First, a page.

WordReference Random House Learner's Dictionary of American English © 2017
fraud /frɔd/USA pronunciation   n. 
  1. trickery carried out for profit or to gain some unfair or dishonest advantage:[uncountable]mail fraud.
  2. something that is not what it pretends:[countable]That charity is a fraud.
  3. [countable] a deceitful person;
    impostor.

WordReference Random House Unabridged Dictionary of American English © 2017
fraud  (frôd),USA pronunciation n. 
  1. deceit, trickery, sharp practice, or breach of confidence, perpetrated for profit or to gain some unfair or dishonest advantage.
  2. a particular instance of such deceit or trickery:mail fraud; election frauds.
  3. any deception, trickery, or humbug:That diet book is a fraud and a waste of time.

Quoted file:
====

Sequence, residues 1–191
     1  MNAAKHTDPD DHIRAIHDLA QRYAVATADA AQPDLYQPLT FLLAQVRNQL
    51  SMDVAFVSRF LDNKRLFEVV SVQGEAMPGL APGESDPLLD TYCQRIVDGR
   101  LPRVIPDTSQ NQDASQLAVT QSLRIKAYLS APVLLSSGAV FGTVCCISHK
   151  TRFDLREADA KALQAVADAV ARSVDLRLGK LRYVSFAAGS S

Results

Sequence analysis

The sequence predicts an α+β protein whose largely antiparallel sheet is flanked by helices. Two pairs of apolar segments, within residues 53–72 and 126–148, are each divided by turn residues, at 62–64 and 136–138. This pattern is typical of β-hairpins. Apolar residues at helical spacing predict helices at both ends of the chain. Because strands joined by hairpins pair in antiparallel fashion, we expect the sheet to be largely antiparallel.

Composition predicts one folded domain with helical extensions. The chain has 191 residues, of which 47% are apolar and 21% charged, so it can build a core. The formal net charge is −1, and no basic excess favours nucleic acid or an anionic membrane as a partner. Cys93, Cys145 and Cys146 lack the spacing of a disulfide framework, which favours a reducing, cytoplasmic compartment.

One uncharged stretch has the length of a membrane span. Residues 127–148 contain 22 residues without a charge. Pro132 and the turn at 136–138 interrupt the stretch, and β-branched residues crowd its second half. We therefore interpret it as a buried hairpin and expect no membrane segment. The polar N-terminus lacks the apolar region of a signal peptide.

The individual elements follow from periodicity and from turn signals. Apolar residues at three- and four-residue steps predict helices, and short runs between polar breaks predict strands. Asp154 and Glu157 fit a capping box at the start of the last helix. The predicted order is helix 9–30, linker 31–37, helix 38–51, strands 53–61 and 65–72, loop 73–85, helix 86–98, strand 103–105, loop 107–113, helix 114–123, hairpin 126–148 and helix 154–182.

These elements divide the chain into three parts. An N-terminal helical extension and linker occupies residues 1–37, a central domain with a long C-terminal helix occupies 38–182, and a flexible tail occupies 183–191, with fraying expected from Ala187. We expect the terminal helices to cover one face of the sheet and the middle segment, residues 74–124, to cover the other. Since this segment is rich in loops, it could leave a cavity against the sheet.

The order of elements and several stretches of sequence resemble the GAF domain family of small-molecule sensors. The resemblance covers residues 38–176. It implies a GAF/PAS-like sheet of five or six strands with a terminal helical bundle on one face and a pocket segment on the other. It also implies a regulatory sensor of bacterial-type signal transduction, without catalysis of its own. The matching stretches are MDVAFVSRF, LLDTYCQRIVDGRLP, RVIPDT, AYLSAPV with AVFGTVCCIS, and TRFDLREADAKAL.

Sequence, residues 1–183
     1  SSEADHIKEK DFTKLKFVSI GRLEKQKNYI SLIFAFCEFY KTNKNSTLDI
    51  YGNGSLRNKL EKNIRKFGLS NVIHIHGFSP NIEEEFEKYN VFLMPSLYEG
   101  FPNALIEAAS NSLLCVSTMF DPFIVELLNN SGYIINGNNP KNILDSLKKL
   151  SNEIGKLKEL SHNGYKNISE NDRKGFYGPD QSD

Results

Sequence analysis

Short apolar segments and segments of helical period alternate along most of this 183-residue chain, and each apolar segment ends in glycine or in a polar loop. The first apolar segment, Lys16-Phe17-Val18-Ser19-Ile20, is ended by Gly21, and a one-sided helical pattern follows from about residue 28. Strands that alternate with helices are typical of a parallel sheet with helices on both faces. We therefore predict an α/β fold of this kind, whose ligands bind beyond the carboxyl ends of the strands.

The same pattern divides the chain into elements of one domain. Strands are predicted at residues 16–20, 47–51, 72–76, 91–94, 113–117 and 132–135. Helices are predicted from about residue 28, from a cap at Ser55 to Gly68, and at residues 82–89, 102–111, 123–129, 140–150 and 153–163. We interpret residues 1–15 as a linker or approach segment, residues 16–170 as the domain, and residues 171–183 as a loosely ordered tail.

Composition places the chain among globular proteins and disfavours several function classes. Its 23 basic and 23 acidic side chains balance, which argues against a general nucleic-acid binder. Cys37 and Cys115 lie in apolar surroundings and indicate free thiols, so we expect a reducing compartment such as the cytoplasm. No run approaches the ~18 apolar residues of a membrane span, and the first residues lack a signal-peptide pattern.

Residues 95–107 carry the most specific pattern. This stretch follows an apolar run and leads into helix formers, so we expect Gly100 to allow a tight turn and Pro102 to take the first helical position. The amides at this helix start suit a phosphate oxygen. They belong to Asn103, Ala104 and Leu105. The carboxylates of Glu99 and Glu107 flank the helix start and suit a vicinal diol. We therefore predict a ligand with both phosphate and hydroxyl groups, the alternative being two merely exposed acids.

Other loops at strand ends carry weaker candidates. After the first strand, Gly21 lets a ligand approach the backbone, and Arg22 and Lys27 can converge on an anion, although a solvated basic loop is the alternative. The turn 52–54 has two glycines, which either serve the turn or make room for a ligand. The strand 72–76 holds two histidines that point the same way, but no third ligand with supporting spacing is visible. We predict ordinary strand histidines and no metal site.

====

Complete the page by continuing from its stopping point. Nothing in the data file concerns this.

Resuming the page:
4. a person who makes deceitful pretenses;
    sham;
    poseur.
fraudful, adj. 
fraudful•ly, adv. 
  • Medieval Latin fraud- (stem of fraus) deceit, injury
  • Old French
  • Middle English fraude 1300–50
    • 1.See corresponding entry in Unabridged See  deceit. 
    • 3.See corresponding entry in Unabridged wile, hoax.


Collins Concise English Dictionary © HarperCollins Publishers::

fraud /frɔːd/ n
  1. deliberate deception, trickery, or cheating intended to gain an advantage
  2. an act or instance of such deception
  3. informal a person who acts in a false or deceitful way
Etymology: 14th Century: from Old French fraude, from Latin fraus deception



'fraud' also found in these entries:
Advertisements

Word of the day: check | bond

Advertisements

Report an inappropriate ad.
Become a WordReference Supporter to view the site ad-free.